When it comes to reproduction, Antarctic krill like the lights off.
Preliminary research at the Australian Antarctic Division’s krill aquarium has shown that the annual cycle of krill maturation and reproduction can be altered by a period of darkness immediately after spawning.
'We’ve been able to reset the animals’ internal clocks, so that they become sexually mature three months earlier than if they were exposed to a natural Antarctic light cycle,' principal researcher, Dr So Kawaguchi says.
The research promises to allow scientists to control when different groups of krill spawn, so that they have access to all phases of the life cycle (larvae, juveniles, sub-adults and adults) all year round. It will also spread the effort of collecting millions of krill eggs for the breeding program, over the year, rather than all at once.
In Antarctica, krill experience four months of darkness over winter, between June and September. During this time they actually shrink in size and lose their mature reproductive characteristics — a process known as ‘regression'. As spring approaches and the day length and food supply increases, they begin to grow and become sexually mature again, before mating begins in December and continues until about February.Research at the Antarctic Division in the late 1980s showed that krill would steadily progress through their reproductive cycle regardless of whether they were exposed to constant darkness, constant light, or a natural Antarctic light cycle.
'This research suggested that the cycle of regression, maturation and reproduction was controlled by an internal biorhythm rather than environmental factors,' Dr Kawaguchi says.
But in 2003, Japanese research showed that abrupt changes in the daily cycle of light and dark could trigger maturation and spawning.
Dr Kawaguchi’s research, however, shows that it is the timing of darkness, not light, that alters the reproductive cycle in krill — a paradigm shift in scientific thinking.
'For many crustaceans and other animals, environmental cues like changes in light and temperature, influence when they reproduce, so previous research has only focused on the timings of changes in light, not darkness,' he says.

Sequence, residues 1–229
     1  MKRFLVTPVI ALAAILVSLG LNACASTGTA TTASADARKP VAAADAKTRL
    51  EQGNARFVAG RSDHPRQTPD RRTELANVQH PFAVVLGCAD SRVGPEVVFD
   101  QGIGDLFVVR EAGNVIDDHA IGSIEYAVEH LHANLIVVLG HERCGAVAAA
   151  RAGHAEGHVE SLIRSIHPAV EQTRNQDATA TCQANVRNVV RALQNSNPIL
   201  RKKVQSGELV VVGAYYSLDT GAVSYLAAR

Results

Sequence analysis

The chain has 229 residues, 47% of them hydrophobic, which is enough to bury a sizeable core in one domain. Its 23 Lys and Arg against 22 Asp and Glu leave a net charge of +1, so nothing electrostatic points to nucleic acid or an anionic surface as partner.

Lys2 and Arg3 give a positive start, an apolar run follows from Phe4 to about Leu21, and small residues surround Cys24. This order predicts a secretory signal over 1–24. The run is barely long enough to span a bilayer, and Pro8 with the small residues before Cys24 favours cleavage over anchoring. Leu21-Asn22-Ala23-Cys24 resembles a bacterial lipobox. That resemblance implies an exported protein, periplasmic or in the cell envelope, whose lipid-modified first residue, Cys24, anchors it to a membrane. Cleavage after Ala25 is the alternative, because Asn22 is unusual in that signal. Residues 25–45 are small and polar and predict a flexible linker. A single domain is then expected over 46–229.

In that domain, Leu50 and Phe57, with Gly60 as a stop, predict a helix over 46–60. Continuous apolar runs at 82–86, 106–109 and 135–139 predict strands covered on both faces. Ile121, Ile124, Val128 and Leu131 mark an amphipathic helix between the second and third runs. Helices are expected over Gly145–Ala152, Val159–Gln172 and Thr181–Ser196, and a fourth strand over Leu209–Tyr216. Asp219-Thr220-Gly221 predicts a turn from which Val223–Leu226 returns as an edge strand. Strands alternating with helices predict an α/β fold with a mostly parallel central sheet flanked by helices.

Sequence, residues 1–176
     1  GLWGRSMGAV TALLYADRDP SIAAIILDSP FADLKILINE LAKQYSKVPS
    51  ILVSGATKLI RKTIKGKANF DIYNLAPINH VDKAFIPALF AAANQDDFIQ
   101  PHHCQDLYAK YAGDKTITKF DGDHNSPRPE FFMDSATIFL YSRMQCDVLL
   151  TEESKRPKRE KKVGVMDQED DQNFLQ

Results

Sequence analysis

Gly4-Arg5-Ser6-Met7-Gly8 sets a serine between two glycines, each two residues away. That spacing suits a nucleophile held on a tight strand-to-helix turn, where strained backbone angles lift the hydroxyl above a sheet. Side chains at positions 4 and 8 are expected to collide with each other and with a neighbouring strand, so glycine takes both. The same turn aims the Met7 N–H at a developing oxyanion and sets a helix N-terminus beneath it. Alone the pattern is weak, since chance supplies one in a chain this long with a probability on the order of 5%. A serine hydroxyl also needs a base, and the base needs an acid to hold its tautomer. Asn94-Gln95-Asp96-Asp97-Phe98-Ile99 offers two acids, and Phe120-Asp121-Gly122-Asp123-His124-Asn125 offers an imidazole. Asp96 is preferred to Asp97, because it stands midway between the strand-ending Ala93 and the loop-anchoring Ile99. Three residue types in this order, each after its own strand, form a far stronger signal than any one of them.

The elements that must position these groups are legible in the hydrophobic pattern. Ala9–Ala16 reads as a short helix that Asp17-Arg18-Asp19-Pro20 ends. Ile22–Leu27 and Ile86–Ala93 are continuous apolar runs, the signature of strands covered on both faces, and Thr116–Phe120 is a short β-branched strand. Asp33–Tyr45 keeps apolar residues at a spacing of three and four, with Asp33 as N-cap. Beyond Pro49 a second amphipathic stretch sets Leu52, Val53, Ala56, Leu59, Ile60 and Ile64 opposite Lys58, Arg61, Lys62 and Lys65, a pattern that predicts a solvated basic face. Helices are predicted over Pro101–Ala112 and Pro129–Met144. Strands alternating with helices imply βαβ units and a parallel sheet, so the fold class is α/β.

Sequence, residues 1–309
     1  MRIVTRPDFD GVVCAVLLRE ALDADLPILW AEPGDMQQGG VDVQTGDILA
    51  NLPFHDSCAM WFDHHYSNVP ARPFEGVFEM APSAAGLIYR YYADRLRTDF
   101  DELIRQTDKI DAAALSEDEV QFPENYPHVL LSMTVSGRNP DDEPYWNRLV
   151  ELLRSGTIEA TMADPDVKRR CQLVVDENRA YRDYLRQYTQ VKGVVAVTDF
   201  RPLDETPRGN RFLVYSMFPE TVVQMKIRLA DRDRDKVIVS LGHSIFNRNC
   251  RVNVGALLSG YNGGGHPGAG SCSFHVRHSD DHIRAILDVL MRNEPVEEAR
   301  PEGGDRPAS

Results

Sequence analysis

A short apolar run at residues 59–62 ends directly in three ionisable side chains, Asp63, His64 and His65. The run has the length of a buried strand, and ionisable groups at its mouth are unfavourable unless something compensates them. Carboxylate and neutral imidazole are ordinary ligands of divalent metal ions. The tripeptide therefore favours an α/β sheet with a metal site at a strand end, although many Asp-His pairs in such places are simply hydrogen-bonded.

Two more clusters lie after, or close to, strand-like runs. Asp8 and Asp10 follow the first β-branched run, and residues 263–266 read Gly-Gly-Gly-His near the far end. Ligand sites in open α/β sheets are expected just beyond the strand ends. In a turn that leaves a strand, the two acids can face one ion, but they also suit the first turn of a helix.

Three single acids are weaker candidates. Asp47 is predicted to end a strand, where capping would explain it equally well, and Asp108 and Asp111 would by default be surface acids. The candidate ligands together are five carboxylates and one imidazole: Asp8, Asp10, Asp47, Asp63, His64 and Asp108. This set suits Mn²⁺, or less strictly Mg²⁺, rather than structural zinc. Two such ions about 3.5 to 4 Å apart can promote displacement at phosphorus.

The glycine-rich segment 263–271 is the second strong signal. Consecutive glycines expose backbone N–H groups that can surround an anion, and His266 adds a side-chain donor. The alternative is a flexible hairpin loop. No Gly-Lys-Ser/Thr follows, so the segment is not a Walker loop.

In the recent study, three groups of krill were kept under different light/dark regimes. One group was exposed to four months of the natural Antarctic light cycle, followed by four months of darkness and four months of light. A second group experienced four months of the Antarctic light cycle followed by eight months of darkness. These two groups followed the same cycle of regression, maturation and reproduction as wild krill.
The third group of krill experienced one month of the natural Antarctic light cycle, followed by two months of darkness, and nine months of light. These krill reached sexual maturity three months earlier than the other groups — observed by changes in their exoskeleton (shell), which they shed as they grow.
'This study has shown that the transition from light to dark to light is important in controlling the timing of spawning under laboratory conditions,' Dr Kawaguchi says.
The research team is now working to reproduce the results of this experiment. In theory, if the ‘reset’ krill are again exposed to a period of darkness immediately after spawning, their reproductive cycle should advance another three months, putting them six months ahead of the krill running on ‘Antarctic time'.
'We have more work to do to fine tune our methods and repeat our results. We also need to look at any physiological changes in krill that might result from this “resetting” process,' Dr Kawaguchi says.
Artist, Lisa Roberts, has created an online animation of the krill life cycle for her PhD in Fine Arts at the University of New South Wales. Lisa spent two days at the Australian Antarctic Division in January 2009, studying and drawing krill. On her return to her Sydney studio she consulted with scientists, Dr Steve Nicol and Dr So Kawaguchi, on many aspects of krill development and the Antarctic environment. The music for the animation was an improvisation performed by 11 year old Sophie Celeste Green.